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Letter | School bond deserves a loud and clear 'vote no'
We followed the advice of the “green color” school bond related signs along Island Crest Way. We “Got the facts”. We attended advocacy meetings, School Board meetings, and even other community discussions on the subject. We carefully listened to the arguments, and read all the available material. For due diligence, we even went further. We compared what was being proposed for MI schools and the bond, to other equivalent size and quality school districts nationally (which have equivalent or better results and scores). Based on all that we were able to assess, it was clear that the only answer was that both the proposed school plan and school bond are seriously flawed, and most inappropriate. The school bond should be summarily defeated. It is important to VOTE NO, not only for the sake of assuring a quality education for our students, but also for the sake of the community.
The school plan and bond’s fundamental basis, assumptions, and analysis are flawed. The school capacity increase is delayed for too long (many years). The capacity is proposed to be added in the wrong places (it is not being added primarily on the north end, where it should be, and where any future growth logically dictates). Both the “tear down and completely re-build” and “swing school” concepts are inefficient, inappropriate, and unnecessary. They are likely to even cost more than other better alternatives. Due diligence, with a credible independent “non-advocate” review was apparently never conducted. The proposed MISD “land banking/ swap” plan is most unconvincing. Based on a two decade failed record of seriously flawed school district land transactions, the MISD has near zero “land stewardship credibility” remaining. Few believe that the MISD could successfully complete any such land swap transaction, with either the city or with a commercial entity, without serious broad community pushback. The school build plan was never assessed or integrated with broader “community wide requirements” or plans, for aspects like traffic consequences, zoning changes needed, general community taxation burden, infrastructure consequences, or emergency preparedness consequences. In fact, in this important regard, the MISD proposal hardly even merits being called a “plan” yet. Even worse, it seems to change weekly. In any serious “business case” type review for a nearly $200M bond, if taken outside of the context of the MI public sector, this bond would not likely have made it to square one. It is little comfort that other nearby school districts may or may not have any more detailed documentation of their bond efforts. This is Mercer Island. Here, citizens care deeply both about education, and about use of validated data, planning, and fiscal responsibility.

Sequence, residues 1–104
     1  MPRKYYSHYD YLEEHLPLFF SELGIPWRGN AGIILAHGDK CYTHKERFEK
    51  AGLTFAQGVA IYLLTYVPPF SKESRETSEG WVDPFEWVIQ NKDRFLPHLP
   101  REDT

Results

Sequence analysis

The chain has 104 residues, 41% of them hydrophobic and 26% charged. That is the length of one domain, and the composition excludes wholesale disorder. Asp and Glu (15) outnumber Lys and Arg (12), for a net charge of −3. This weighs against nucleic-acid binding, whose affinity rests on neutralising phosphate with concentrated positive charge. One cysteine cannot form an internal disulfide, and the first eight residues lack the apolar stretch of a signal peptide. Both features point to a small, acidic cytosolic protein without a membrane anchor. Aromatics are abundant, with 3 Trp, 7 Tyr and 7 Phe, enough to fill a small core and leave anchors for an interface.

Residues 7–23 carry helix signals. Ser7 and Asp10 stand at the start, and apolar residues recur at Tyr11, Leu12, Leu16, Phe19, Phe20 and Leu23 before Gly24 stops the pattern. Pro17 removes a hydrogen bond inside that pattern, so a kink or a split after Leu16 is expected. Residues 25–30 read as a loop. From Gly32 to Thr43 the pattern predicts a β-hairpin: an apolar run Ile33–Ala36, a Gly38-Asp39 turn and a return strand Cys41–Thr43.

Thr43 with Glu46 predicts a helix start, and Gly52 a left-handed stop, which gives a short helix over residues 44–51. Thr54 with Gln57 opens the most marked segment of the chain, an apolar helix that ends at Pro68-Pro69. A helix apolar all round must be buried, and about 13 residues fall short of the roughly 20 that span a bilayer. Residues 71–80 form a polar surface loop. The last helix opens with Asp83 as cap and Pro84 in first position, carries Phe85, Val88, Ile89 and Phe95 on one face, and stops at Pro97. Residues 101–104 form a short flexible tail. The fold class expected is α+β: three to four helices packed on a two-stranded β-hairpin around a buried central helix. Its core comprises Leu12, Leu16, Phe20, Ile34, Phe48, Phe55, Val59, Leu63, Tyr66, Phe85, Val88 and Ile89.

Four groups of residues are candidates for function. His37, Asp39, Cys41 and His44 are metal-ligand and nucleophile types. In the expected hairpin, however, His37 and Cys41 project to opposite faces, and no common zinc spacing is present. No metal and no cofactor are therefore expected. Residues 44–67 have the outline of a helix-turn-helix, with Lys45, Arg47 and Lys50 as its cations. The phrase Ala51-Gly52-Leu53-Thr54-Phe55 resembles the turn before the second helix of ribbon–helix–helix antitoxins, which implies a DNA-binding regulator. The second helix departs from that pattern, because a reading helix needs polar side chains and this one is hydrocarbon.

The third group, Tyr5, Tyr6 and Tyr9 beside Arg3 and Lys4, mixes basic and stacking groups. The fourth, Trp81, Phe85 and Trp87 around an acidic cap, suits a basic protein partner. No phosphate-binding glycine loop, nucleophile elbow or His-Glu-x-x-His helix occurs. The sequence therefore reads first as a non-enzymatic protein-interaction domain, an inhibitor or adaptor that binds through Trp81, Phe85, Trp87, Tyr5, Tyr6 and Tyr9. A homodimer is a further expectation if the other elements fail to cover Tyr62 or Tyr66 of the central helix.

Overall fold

We have always been strong education supporters. We supported every other MI school bond. We acknowledge and appreciate the efforts of the past and present teachers and staff on MI, and the community leaders who helped achieve our quality schools. We are three decade MI residents, with grown children educated by MI schools. Our children each went on to successfully attend top tier universities and complete graduate and professional degrees. So we believe we understand the issues, and choices at hand. We’ve concluded this proposed school bond is NOT the right answer. The community needs to “Vote NO”. This will force the MISD to send the process back to a credible re-plan. The re-plan after the bond fails will need to use validated, current, and legitimate data, and realistic ranges of projected assumptions, with professional input, community wide opportunity for review, successful city coordination, and have independent financial and taxation consequence confirmation. Finally a re-plan needs to survive a serious “non-advocate” review, BEFORE any subsequent bond is again put to the MI voters.
Tom and Dee Imrich